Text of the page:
For nearly three years, La Perla has been one of the great hidden treasures of Oakland’s Dimond District: a bustling, wildly delicious-smelling Puerto Rican takeout spot tucked inside the Two Star Market liquor store on MacArthur Boulevard. Now, the business is ready to take its next step: Cheo and Gabriel Ortiz, the father-and-son team behind La Perla, are moving the family business to a new location — just around the block at 3409 Fruitvale Avenue — that’s about four times as big.
It’s likely to be a destination restaurant from day one, simply because of the sheer paucity of Puerto Rican food options in the Bay Area. In the East Bay, in particular, La Perla will be the only full-fledged Puerto Rican restaurant — a standalone spot where customers will be able to feast on arroz con gandules, shrimp mofongos, and slow-roasted pernil.
It’s no wonder, then, that even back in the restaurant’s back-of-the-bodega days, it would routinely draw customers from as far away as Sacramento, Turlock, and Monterey, many of them Puerto Ricans desperate for a taste of home. “I can’t forget it, there was a couple, they showed up with their luggage, and they said, ‘Hey, we’re from Hawaii,’” Gabriel Ortiz says. “They were on their way to the airport, but they made sure to stop by and have a bite to eat with us.”
Located just a couple of blocks away from La Perla’s previous pop-up incarnation, the new restaurant is a 1,500-square-foot former Subway that Ortiz says represents “a funny part of the history” of the restaurant: Back in 2017, the owners of Two Star Market first approached Cheo Ortiz about taking over the little takeout counter inside the liquor store — he’d been one of the cooks at Borinquen Soul, the well-loved Puerto Rican spot that preceded La Perla in the space. That day, they’d all walked around the corner to the same Subway to sit down and hash out the details.
Now things have come full circle, and the former Subway is nearly unrecognizable, painted with bright, vibrant colors on every wall. “We wanted to mimic the downtown scene of old San Juan,” Ortiz says.
Like so many restaurants during this pandemic, La Perla was supposed to have opened months earlier: The Ortizes signed the lease on the space in early March of last year, back when the COVID-19 crisis still felt like more of a vague rumor than a world-altering pandemic. They’d hoped to open by summer, but then business at the bodega plummeted once the shelter-in-place order went into effect. In the months that followed, they didn’t have the kind of cash flow they needed to pay for all of the improvements they wanted to make on the space.
The one saving grace, Ortiz says, is that the restaurant was able to hook up with World Central Kitchen, serving 800 to 1,000 meals to people in need each week through the summer and fall months.
Now, the Ortizes are finally ready to give the restaurant their full attention. All of the family recipes are overseen by Cheo, the head chef — or “the guy,” as his son puts it. (Other family members, including Ortiz’s wife Kimly and his brother Moises — and even chef Cheo’s grandchildren Santana, Aliyah, Scarlett, and Luna — all help run the family business.) La Perla is known for its mofongos: green plantains that are mashed, then fried and topped with different proteins. The restaurant almost certainly offers the widest variety of mofongos that you can find in the Bay Area, topping them with everything from shrimp to chicharron de pollo (fried chicken, with the crispy skin attached) to a whole lobster tail.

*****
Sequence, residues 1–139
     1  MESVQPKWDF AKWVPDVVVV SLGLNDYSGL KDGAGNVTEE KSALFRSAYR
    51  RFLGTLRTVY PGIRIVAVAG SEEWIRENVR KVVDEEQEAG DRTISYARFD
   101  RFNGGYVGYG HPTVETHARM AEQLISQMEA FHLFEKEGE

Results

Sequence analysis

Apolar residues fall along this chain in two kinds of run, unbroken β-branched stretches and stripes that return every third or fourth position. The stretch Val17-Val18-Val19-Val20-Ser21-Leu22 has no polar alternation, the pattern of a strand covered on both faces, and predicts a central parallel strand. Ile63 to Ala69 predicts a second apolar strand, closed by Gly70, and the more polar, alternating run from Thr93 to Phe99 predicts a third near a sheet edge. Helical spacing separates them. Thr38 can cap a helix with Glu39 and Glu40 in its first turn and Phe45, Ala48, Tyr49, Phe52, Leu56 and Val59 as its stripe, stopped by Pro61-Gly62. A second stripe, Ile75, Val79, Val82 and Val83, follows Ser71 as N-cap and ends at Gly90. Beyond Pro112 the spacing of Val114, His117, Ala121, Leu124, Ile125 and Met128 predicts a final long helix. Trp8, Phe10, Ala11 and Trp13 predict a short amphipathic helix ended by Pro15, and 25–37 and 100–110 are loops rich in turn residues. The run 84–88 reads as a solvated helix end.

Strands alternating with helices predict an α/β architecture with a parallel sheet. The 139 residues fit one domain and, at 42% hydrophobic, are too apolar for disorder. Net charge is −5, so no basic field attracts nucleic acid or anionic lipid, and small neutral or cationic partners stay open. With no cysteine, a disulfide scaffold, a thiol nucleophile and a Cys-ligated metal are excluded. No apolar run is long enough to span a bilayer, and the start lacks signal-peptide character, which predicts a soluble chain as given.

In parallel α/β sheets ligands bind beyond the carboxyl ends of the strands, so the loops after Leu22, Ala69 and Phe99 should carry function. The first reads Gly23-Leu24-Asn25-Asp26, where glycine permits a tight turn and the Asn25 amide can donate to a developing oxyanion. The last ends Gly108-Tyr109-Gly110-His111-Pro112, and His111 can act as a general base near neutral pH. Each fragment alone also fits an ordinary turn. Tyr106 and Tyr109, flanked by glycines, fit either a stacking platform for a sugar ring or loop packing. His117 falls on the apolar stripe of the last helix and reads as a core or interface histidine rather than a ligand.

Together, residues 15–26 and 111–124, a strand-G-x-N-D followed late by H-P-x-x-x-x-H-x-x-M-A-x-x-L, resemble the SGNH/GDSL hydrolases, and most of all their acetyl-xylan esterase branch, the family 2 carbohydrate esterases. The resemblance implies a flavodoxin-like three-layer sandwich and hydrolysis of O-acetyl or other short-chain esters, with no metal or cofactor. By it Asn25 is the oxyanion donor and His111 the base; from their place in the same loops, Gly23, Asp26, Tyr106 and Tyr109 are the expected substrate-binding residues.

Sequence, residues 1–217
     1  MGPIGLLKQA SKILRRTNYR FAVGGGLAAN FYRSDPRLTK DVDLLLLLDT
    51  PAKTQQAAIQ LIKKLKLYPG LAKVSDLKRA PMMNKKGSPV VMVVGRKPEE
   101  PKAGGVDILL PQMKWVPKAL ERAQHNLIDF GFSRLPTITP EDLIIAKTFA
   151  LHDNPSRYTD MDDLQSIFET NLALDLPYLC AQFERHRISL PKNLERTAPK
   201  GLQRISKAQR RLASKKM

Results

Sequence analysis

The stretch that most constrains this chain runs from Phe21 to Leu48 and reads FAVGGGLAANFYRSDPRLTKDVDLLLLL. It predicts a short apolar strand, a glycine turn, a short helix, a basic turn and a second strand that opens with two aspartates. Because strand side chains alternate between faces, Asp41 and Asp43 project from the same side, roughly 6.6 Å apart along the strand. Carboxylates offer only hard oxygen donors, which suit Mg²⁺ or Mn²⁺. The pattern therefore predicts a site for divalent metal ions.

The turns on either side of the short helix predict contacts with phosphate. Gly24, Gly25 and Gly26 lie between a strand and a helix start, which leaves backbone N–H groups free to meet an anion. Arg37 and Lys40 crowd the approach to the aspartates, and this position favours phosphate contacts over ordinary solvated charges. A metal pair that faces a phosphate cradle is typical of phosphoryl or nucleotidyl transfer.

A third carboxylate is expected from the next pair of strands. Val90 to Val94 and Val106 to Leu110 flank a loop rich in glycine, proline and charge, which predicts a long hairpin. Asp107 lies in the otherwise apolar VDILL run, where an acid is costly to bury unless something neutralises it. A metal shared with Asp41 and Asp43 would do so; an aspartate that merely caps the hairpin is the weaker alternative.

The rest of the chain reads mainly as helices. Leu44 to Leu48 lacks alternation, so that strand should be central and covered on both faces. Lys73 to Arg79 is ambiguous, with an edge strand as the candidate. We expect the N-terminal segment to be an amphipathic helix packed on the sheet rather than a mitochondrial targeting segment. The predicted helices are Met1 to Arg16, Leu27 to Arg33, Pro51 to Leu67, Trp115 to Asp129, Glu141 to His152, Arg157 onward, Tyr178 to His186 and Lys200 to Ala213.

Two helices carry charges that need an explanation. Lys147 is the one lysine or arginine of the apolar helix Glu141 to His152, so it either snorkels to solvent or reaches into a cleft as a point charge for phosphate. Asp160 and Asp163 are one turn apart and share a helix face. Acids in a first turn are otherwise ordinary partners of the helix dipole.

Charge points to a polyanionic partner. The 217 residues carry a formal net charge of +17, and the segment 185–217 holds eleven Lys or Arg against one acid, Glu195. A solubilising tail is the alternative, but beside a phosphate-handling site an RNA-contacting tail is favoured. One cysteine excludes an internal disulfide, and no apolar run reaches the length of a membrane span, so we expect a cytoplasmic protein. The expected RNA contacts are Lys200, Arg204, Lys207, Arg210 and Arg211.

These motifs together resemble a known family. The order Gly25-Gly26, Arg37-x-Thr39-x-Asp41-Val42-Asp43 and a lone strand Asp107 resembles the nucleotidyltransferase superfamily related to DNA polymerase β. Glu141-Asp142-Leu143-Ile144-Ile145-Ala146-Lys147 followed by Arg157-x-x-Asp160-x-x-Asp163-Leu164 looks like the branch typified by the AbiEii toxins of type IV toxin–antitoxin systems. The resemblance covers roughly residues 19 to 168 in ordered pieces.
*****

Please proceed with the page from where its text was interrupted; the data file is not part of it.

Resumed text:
Beyond that, La Perla covers most of the greatest hits of Puerto Rican comfort cooking: orange-tinted, indescribably savory arroz con gandules (rice with pigeon peas); pasteles (aka “Puerto Rican tamales”), offered all year round and not just during the holidays; and a variety of flaky empanadillas, including a version called the “Tropical Pig,” filled with pernil (roasted pork shoulder) and pineapple.
Speaking of that pernil: The crispy-skinned pork shoulder, slow-roasted for 14 hours, is another one of La Perla’s calling cards that will be available as a weekend special. In general, Ortiz says, the restaurant will keep its original menu from its Two Star Market days, but the larger kitchen will allow them to run more daily chalkboard specials — say, a whole fried snapper or the oversized fried pork chop known as chuleta can-can.
It’ll be takeout only to start out, but the restaurant will have a couple of tables set up outside on its back patio, first come first served, for anyone who wants to sit down and eat. Eventually, though, the restaurant will have seating for at least 30 diners inside, with plans for a possible parklet in front in the works. In keeping with the business’s bodega roots, it’ll stick with just counter service even after indoor dining gets underway.
Ortiz says he’s well aware of the responsibility that comes with introducing people to a cuisine and a culture that they might not be familiar with. “A lot of times, people ask me if we have tacos or burritos. And we educate them — we say, ‘We’re actually from the island, and this is the type of flavor that we have,’” Ortiz says. “And then they take a bite and they love it.”
La Perla’s opening day at 3409 Fruitvale Avenue will be Sunday, February 14. To start out, the restaurant will be open Wednesday through Sunday.
Correction, February 4, 9:15 a.m.: A previous version of this story stated that La Perla was the East Bay’s first standalone Puerto Rican restaurant. There was one other Puerto Rican restaurant, Sofrito, that closed in the late 2000s.